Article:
Legacy projects can also be a useful tool in the grieving process. When an unexpected loss occurs, the living are suddenly faced with finding ways to draw the relationship to a close, on their own. One beautiful way to aid in this process is to create a legacy project for the person who has died, to honor the relationship as it was. In a sense, this is a way to say all of the things we never had a chance to say. For a mother grieving the loss of a pregnancy or infant, writing a letter of goodbye is an example of a legacy project. Rituals can also aid in this grief work. For example, remembering the person you loved to have coffee with by sitting in their favorite spot, drinking their preferred coffee, and thinking of the times you shared can be a soothing ritual to help the grieving. Starting a group to help others on similar journeys is another example of creating a legacy from a loss, for example, Sadija A. Smiley’s creation of SAILS (Stillborn And Infant Loss Support) after the loss of her stillborn daughter, Ivyanna.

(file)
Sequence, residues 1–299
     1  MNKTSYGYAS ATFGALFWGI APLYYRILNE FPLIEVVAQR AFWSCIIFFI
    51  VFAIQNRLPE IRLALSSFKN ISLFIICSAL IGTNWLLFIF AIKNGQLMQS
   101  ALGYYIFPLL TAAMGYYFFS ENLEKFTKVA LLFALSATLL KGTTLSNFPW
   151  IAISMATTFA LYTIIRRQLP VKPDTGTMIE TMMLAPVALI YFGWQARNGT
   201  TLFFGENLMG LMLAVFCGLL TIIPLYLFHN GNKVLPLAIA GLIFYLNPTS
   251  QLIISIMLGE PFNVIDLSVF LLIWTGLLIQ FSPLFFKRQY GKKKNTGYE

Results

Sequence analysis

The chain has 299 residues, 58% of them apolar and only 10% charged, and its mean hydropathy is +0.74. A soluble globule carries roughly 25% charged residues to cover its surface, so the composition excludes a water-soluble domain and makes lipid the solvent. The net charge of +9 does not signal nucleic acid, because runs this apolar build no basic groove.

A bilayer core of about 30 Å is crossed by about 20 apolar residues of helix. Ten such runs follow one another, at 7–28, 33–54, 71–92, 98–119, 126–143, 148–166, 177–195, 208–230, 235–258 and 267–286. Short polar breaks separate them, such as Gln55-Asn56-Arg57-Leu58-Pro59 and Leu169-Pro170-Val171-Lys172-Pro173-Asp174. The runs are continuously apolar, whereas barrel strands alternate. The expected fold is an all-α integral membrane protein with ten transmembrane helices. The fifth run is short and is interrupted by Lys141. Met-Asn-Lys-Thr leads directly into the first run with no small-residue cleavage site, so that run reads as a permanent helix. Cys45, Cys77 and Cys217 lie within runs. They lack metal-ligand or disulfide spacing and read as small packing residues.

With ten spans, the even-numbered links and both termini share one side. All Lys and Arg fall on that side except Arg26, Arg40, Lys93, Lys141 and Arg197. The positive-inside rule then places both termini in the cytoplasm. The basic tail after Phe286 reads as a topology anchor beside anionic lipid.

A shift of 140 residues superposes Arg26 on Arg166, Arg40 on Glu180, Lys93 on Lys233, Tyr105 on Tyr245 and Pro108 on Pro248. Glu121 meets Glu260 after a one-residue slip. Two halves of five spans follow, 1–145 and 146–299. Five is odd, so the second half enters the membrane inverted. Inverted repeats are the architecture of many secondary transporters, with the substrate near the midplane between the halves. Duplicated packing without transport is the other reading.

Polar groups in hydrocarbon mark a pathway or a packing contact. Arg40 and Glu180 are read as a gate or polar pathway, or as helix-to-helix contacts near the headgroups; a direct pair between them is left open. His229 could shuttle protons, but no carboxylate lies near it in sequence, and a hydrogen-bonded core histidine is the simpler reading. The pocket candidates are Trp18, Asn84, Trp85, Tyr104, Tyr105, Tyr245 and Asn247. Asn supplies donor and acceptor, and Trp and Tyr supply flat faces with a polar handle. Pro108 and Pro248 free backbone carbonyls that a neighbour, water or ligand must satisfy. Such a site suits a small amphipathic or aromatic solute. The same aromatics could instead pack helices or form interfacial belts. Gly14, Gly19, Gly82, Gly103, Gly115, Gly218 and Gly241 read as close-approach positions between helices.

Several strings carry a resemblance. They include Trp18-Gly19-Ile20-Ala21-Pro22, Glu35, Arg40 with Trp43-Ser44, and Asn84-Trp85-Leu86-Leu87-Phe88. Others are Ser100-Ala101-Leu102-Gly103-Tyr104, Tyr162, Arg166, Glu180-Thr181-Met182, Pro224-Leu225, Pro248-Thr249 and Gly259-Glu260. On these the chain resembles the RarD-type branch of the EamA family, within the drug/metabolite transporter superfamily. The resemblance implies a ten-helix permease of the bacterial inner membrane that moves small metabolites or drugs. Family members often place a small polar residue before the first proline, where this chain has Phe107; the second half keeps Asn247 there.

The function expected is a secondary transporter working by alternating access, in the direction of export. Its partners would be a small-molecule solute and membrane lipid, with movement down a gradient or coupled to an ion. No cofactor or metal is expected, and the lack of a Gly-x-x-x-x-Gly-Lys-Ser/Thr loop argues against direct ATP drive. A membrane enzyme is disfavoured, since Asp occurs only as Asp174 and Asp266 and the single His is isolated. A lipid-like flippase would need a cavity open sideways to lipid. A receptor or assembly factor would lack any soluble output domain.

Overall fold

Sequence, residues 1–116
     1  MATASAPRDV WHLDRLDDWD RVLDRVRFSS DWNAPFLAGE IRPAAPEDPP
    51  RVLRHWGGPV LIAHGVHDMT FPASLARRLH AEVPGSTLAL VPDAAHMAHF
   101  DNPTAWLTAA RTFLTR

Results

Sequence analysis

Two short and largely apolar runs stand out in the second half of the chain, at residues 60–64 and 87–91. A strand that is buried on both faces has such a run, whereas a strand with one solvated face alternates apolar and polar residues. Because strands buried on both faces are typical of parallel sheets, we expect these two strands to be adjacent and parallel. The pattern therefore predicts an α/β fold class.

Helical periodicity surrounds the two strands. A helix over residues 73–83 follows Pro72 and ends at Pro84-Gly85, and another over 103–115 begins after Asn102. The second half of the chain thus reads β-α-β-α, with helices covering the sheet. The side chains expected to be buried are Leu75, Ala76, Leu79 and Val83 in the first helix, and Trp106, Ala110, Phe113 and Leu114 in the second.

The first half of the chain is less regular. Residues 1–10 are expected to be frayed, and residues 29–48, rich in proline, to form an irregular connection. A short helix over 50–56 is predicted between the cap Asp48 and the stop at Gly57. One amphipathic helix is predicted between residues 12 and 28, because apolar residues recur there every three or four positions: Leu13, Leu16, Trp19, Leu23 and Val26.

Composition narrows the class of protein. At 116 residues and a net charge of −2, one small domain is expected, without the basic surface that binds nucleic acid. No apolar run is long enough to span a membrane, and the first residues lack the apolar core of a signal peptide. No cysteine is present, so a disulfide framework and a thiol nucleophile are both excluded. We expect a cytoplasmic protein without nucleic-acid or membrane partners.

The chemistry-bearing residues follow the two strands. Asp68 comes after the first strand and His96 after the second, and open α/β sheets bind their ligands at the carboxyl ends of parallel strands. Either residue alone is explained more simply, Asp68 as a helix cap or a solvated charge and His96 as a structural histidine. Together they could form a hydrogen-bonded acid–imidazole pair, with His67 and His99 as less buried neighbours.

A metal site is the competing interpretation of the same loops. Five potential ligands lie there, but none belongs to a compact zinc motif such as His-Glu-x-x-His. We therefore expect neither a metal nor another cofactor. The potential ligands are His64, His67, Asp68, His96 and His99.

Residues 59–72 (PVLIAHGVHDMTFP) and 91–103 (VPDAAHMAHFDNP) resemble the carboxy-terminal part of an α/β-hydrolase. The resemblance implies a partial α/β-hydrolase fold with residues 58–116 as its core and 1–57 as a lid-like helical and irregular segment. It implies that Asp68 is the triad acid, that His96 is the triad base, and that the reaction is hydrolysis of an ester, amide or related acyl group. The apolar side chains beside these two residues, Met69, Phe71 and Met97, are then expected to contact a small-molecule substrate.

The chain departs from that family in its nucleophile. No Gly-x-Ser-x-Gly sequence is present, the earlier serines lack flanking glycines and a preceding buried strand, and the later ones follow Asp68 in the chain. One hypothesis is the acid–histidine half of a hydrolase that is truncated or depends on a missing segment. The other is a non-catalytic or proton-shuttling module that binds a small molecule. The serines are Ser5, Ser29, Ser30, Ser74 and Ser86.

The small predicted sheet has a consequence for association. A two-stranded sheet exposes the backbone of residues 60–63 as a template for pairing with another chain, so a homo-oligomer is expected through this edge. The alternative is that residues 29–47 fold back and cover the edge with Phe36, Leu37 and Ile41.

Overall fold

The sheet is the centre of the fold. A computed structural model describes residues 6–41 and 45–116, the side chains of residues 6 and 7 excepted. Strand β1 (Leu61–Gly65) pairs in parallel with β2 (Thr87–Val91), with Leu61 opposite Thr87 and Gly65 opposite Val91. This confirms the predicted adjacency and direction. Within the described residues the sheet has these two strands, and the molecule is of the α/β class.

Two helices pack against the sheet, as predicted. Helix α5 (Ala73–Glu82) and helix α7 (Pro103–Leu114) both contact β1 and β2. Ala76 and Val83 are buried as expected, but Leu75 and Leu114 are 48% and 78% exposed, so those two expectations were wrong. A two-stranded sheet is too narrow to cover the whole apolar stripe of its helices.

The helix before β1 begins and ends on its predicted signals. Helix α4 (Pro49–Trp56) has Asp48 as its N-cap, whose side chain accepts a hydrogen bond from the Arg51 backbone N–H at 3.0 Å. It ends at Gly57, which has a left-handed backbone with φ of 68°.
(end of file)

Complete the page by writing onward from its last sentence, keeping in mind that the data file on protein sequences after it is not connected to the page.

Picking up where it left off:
As a society, we are hesitant to talk about the difficult parts of life’s cycle. We shy away from conversations about life’s end, we divorce ourselves from our grief and we often even separate our aging elders. But what is the cost of this approach toward end-of-life? Do we know how to honor the life we have lived as we begin to surrender into the final phase of letting go? Do we know how to look back on our lives with a sense of accomplishment and celebration? Do we know how to say goodbye? Do we know how to grieve in a healthy way? Legacy projects offer comfort to both the dying person who creates the project and to the grieving person who inherits the project. Legacy projects also offer a source of meaning and acknowledgment of the pain of loss in their creation by the grieving. We can honor the lives that we’ve lived, we can honor the lives that we’ve lost and we can honor the essential process of living, dying, grieving that is universal to all humans. Legacy projects are one tool in this necessary and sacred work.